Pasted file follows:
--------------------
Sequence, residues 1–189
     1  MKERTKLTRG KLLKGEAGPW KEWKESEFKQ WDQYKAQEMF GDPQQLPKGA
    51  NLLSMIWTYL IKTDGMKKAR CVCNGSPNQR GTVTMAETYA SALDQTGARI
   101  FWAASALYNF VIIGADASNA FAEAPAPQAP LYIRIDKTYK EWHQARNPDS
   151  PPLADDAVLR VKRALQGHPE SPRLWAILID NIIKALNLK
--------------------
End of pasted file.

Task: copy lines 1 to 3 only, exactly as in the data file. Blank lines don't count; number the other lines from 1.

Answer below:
Sequence, residues 1–189
     1  MKERTKLTRG KLLKGEAGPW KEWKESEFKQ WDQYKAQEMF GDPQQLPKGA
    51  NLLSMIWTYL IKTDGMKKAR CVCNGSPNQR GTVTMAETYA SALDQTGARI